A third-person action-RPG from Massive Work Studio, Dolmen mixes a futuristic science-fiction world with Lovecraftian horror. With a heavy influence from titles such as DARK SOULS, the premise alone makes it sound like a game worth checking out, but how is it as an overall package? Let’s take a look!
Set in a time when humans have colonised planets across the galaxy, Dolmen takes place on a planet known as Revion Prime, where a mining station suffers a catastrophe after an interdimensional rift opens up, flooding the area with all sorts of hostile alien creatures. Knowing very little about what has happened, the Zoan Corporation hires you to investigate and contain the problem, as well as salvaging samples of the “Dolmen Crystal'', which enables interactions between different dimensions.
It’s an interesting enough premise, with further exposition given via text logs and the occasional cutscene. However, it didn’t grip me in a way that I just had to know what would happen next, and whilst I enjoyed the setting, I was disinterested with the narrative.
Keeping on the subject of Dolmen’s setting, I absolutely loved the environments and general atmosphere found here; science-fiction and horror is one of my favourite genre mash-ups, and it’s done very well in Dolmen. It’s obvious just by looking that this title is set in the far future, with shining metallic structures and blazing neon computer terminals around every corner. But this is where the Lovecraftian aspect comes into play: bridges made of bones and muscle (or at least, I think it’s muscle), questionable substances oozing from the ceilings, a graveyard's worth of mutilated corpses littered about the facilities, and so much more grotesque oddities.
What really pushes Dolmen from generic science-fiction into nightmare-inducing levels of creepiness is the enemies you’ll face. These aren’t just standard aliens that come to destroy the human race, but creatures that are almost familiar in their shapes; such as the giant arachnids that spit venomous liquids or flaming human-like corpses you meet early on. Many of the creature designs instantly reminded me of the Necromorphs found in Dead Space, and as that is one of my favourite horror games of all time, that’s high praise!
From a graphical standpoint though, Dolmen is fairly average. The character models, environments, and effects all look nice enough, particularly on the quality mode setting, but at no point was I blown away by how the game looked, although I would like to mention the fantastic use of lighting, which really enhances the atmosphere. This extends to the audio as well, with quiet, haunting music used to great effect. Equally as effective is that sometimes there is no music at all, which adds to the overall vibe Dolmen is going for.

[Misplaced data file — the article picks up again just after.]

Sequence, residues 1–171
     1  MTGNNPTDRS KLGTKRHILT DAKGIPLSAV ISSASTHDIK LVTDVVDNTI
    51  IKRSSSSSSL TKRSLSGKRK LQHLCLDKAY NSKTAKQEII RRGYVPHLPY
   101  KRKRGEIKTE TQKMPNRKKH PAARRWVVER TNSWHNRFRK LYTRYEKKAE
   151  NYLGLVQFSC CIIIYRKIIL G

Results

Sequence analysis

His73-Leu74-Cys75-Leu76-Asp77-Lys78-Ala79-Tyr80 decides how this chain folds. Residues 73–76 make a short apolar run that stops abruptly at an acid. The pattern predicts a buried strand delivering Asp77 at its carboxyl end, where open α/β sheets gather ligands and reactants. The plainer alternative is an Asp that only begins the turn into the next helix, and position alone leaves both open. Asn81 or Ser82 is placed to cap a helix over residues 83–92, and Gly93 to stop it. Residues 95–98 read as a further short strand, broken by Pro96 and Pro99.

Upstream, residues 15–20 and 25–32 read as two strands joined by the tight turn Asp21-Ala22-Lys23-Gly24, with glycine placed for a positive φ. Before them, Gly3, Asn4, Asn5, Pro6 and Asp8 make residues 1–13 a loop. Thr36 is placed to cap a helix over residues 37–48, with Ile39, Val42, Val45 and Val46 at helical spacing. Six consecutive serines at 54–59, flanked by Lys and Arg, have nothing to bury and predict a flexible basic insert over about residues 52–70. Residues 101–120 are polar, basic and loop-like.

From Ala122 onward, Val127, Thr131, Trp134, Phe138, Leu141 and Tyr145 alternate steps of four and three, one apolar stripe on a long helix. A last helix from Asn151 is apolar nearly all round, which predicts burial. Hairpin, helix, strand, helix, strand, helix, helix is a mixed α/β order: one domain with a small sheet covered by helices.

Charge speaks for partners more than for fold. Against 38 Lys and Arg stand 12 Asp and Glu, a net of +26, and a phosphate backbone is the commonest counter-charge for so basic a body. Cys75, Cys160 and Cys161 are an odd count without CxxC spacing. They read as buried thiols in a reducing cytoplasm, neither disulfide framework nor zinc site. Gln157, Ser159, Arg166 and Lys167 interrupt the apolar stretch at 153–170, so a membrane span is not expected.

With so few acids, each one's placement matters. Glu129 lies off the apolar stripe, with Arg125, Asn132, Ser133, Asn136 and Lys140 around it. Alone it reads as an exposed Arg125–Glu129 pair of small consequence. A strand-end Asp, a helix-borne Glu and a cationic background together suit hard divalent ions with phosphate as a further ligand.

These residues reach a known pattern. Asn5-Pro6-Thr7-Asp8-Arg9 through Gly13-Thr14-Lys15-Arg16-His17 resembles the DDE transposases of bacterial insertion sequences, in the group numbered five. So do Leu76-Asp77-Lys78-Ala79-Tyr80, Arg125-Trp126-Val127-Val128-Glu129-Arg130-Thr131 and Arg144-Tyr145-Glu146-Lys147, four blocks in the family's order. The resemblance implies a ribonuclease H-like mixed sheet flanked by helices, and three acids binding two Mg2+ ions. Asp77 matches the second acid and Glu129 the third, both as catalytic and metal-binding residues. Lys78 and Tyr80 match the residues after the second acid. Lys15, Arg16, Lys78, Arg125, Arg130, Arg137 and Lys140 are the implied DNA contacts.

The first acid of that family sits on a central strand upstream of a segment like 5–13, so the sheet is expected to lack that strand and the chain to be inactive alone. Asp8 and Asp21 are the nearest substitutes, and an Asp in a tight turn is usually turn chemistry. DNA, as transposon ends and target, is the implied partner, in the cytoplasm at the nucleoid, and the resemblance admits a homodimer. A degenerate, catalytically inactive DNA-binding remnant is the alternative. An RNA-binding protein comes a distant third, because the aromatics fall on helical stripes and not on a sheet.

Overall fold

Gameplay is a mixture of tactical, methodical combat and exploring the often hazardous environments for hidden secrets. The combat is essentially Dark Souls, but built upon to give Dolmen its own unique feel. You’ve got your standard light and heavy attacks, block and dodge mechanics, an ability that changes depending on the type of reactor you have equipped and even a ranged attack — which also features two variations — so there is a lot to experiment with here, especially when deciding how you want to level up your character. Melee attacks are tied to your stamina, whilst ranged weapons, healing, and your reactor ability use energy.
Stamina works exactly how you’d expect, with sprinting and swinging your melee weapon reducing it, however it’s the energy meter that really makes the combat interesting. Your firearms, when fired, will reduce your energy slightly before it regenerates. Your reactor ability works in much the same way; activating this causes your energy to be used in place of stamina for melee combat, as well as providing elemental damage. The only thing that will permanently reduce your energy (until you use a restorative item) is healing, which meant I spent the majority of my time with my reactor activated when in combat. Once depleted, I backed up, waited for it to recharge, and then back I went.
The one thing I didn’t like was the block system, which is basically non-existent. Parrying and dodging attacks works fine, but blocking sees almost as much of your health depleted as just standing there with a sign saying “Eat me!”. It became especially tiresome when I had no option of dodging as I was being swarmed by several enemies at once, and the combat often felt cheap. Games of a similar nature are usually called punishing but fair, but Dolmen, more often than not, lacked any semblance of fairness.
Thankfully, when not being swarmed by relentless enemies, the environments you traverse are great fun to explore. With danger lurking almost everywhere, but rewarding those willing to stray from the beaten path, it felt like a very natural — or as natural as a futuristic mining facility overrun with hostile alien creatures can feel — set of areas, as opposed to just being funnelled down one linear corridor after another.
Is this a game I’d recommend? Yes, and no. See, whilst die-hard soulsborne players will no doubt enjoy the challenge (albeit an oftentimes unfair one), those who prefer to stay away from these sorts of games will only find themselves frustrated when playing Dolmen. It’s rough around the edges, with texture glitches, numerous spelling mistakes, and the like, but it was hard for me not to be taken in by the great environments and overall aesthetic of this title. Just like the teaser for this review says, this is as close to a Dead Space soulslike as we’re likely ever going to get!
Dolmen (Reviewed on PlayStation 5)
This game is good, with a few negatives.
A unique world with some fantastic environment designs and challenging combat, let down by often unfair enemies and a story that just wasn’t that interesting.